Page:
With International Women’s Day just around the corner, we’re putting a spotlight on the women at Collarts who are sharing their industry expertise and passion with our students. A music teacher and rock legend in her own right, Dallas Frasca champions music and the creation of accessible, independent avenues to experience it in a live setting. Recently sharing her announcement for A Hitch To The Sticks, the world-first three-day festival will take on the concept of the humble tour bus, connecting punters to live music venues and artists all across Victoria.
Personally guided by Frasca, the tour will head to six secret locations and four public events across Violet Town, Lima, Myrrhee, Tatong, Thoona, Wangaratta, and Moyhu; putting Dallas’ passion for the music community at the forefront of her ideas. Catching up with Dallas, we spoke to her about the festival and the industry’s changing attitudes towards equality and what it means to bring forward change in smaller communities.
Hi Dallas, thanks for chatting with me! I heard you’re putting on a world-first festival. Tell me about A Hitch To The Sticks—what’s your vision for it as its founder?
I was on the Vic Music Crawl last year that was run by Music Victoria. It was shining a spotlight on regional areas in Victoria that were doing well with their live music scene, and the theme for that weekend was All-Time. It included 25 industry peeps—band bookers, band managers, Australia music media and a couple of artists—and it saw some great venues and councils come together who were super active and supportive of their live music scene. I walked away from the weekend asking myself, what about the regional areas that aren’t doing that well? I had a lightning bolt moment, asking: what if I take the audience on the road with me?
I told my good mate Renee Delahunty about the idea and so A Hitch To The Sticks Music Festival was born. It’s like a reverse band tour where the audience comes on the road and the festival plays out around them—the idea is to go to areas that don’t normally put live music on. The seed we have planted will now create touring paths in regional areas, teach venues the value that live music can bring to their businesses, and nurture and develop local artists. Also, let’s be honest: who wouldn’t love to be on a party bus for three days, 10 events, over 20 musical acts, with celebrity hitchhikers and a whole of other fun stuff. You can read more about it here.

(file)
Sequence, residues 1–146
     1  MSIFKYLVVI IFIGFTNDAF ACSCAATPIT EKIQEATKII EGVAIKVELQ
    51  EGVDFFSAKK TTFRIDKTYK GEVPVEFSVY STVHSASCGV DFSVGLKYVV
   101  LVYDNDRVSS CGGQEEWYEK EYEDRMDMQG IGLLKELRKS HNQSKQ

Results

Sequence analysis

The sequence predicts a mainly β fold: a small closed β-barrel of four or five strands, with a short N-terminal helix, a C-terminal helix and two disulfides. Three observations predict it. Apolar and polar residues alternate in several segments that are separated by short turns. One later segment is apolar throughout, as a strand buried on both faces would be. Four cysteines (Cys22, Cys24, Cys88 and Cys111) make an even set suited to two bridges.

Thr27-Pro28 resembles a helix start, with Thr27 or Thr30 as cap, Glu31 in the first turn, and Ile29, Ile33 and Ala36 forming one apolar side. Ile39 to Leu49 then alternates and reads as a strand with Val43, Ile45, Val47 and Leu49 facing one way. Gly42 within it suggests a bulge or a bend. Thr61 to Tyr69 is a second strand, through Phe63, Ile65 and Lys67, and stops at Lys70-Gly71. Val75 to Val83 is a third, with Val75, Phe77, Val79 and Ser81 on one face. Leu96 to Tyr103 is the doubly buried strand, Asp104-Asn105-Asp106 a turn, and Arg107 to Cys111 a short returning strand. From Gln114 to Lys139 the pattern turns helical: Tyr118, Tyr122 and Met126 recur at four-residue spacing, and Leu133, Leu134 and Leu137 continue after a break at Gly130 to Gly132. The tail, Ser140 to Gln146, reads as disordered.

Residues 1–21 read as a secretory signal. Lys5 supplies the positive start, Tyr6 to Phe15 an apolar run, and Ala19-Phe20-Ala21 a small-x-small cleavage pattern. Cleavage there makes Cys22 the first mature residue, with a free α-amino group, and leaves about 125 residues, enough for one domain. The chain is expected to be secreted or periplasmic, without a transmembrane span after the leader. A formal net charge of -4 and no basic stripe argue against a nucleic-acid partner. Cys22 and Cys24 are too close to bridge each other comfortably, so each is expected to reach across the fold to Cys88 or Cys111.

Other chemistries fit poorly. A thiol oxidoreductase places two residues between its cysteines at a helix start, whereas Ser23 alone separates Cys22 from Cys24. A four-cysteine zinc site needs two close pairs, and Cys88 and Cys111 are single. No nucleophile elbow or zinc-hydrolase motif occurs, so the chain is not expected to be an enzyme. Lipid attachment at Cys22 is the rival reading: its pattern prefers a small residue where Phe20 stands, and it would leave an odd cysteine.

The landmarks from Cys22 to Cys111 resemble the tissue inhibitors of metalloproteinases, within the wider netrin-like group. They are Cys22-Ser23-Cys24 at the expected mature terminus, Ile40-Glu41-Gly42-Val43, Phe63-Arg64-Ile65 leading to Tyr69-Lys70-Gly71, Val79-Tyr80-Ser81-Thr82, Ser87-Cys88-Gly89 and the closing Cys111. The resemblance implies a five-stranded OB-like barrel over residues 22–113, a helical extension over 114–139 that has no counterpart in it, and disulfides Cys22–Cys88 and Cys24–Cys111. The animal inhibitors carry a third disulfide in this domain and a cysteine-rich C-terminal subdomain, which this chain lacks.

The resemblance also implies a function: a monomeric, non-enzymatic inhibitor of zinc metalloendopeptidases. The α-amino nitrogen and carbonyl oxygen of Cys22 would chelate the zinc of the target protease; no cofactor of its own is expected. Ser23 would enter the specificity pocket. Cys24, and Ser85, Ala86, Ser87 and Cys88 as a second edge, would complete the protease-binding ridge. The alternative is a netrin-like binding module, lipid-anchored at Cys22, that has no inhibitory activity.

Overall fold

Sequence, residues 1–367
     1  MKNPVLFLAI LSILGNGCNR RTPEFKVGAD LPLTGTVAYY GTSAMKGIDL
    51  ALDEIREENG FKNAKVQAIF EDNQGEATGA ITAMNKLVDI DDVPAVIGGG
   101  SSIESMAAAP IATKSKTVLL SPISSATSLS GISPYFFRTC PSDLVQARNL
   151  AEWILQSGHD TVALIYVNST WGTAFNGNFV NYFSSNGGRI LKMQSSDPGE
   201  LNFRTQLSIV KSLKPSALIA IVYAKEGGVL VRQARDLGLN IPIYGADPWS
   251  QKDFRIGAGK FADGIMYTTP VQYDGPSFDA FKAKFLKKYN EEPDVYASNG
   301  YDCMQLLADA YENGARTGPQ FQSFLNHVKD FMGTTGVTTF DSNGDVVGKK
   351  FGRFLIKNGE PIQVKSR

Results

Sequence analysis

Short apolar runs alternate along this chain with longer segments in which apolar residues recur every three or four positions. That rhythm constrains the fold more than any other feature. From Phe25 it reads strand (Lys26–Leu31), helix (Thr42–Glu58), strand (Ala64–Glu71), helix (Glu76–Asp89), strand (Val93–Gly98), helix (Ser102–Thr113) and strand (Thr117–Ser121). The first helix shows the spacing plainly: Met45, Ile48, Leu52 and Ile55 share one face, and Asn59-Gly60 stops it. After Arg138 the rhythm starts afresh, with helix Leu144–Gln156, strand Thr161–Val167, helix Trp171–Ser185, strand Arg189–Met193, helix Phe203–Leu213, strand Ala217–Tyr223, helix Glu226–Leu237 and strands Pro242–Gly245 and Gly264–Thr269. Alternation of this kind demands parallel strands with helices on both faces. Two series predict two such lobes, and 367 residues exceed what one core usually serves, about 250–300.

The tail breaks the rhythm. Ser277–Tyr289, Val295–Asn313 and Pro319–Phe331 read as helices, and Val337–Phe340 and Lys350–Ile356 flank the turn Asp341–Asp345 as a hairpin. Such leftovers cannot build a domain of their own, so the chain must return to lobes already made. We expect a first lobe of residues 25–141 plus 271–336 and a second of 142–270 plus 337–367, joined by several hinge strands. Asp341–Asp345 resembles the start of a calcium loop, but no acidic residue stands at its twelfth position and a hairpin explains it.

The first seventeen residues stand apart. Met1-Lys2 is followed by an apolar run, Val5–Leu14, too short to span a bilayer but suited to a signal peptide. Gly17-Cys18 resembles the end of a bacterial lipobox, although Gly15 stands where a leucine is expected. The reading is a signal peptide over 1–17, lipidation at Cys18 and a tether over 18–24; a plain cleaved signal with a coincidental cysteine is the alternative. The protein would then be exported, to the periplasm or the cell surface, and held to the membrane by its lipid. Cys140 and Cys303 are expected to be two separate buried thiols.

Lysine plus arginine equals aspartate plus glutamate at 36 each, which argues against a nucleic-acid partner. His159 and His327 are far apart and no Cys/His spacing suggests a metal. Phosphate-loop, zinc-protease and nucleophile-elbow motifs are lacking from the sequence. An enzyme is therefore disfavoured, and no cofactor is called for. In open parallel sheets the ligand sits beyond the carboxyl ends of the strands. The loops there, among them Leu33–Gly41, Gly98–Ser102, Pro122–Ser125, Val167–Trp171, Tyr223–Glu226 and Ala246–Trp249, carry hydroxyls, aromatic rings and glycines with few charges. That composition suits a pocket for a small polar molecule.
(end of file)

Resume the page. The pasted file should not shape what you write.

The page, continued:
“Give a woman a fish, and you feed her for a day. Teach a woman to fish, and you feed her for a lifetime.”
DIY is a big part of your work and your record label, Spank Betty Records. How important is DIY to you and your music, and how did you first get involved in its communities?
We’ve always been fiercely independent at heart so it made sense to start our own record label. For us, we get to run things our own way and also help the bands we love by running events and working alongside them on their campaigns. We share knowledge and pass on industry skills so that the bands and artists can also do it for themselves! Give a woman a fish, and you feed her for a day. Teach a woman to fish, and you feed her for a lifetime.
“Finally, we are starting to see a conscious effort to level out the imbalance of female artists being represented on event and festival line-ups, and the industry supporting it.”
You’re incredibly passionate about rock and its sense of community, going to great lengths to reach out to fans. Over the years, how have you seen the industry grow and strengthen?
I’m excited that the last number of years, there has been a noticeable shift in the female representation within the music industry and that women are stepping up into roles that in the past have been occupied by men. Women have really cemented their place into the matrix of the Australian music industry across many job roles—promoters, publicists, managers, TM’s, street press editors, bookers—and I don’t think it’s going to slow down anytime soon. Finally, we are starting to see a conscious effort to level out the imbalance of female artists being represented on event and festival line-ups, and the industry supporting it.
Many women are often faced with skepticism and challenge in the music industry for simply being knowledgeable. However, conversations around these issues are starting to create change. What positive changes are you already seeing in the industry, and what are you hoping to see continue to change?
I think by all working together we can remove the stigma associated with being a woman in the music industry, and in turn, inspire other industries to follow suit. Us ladies are already getting the job done and done well, it’s just time to make sure everybody else knows. While others embrace gender equality, us ladies should embrace and understand the power of supporting each another, because when we do, we are stronger!
In all your projects, you have a fierce sense of independence and entrepreneurship. What advice would you offer to young women and GNC creatives who want to carve out their own path in the music industry?
Believe in yourself, work hard on your craft, work out what you want, educate yourself on how the industry works, reach out to mentors to help guide you when you’re lost, be resilient, don’t let anyone tell you can’t, and go and get it.
This International Women’s Day, what Australian artists will you be listening to?
Liv Cartledge, Nai Palm, Kerryn Fields, Tash Sultana, Mojo Juju, The Divinyls, Baby Animals, Sarah McCleod, Ella Hooper, Vika and Linda Bull, Deborah Conway, and Meg Mac.
Want to be connected to the industry? Check out our 2018 study options at Collarts and get hands-on through exclusive opportunities.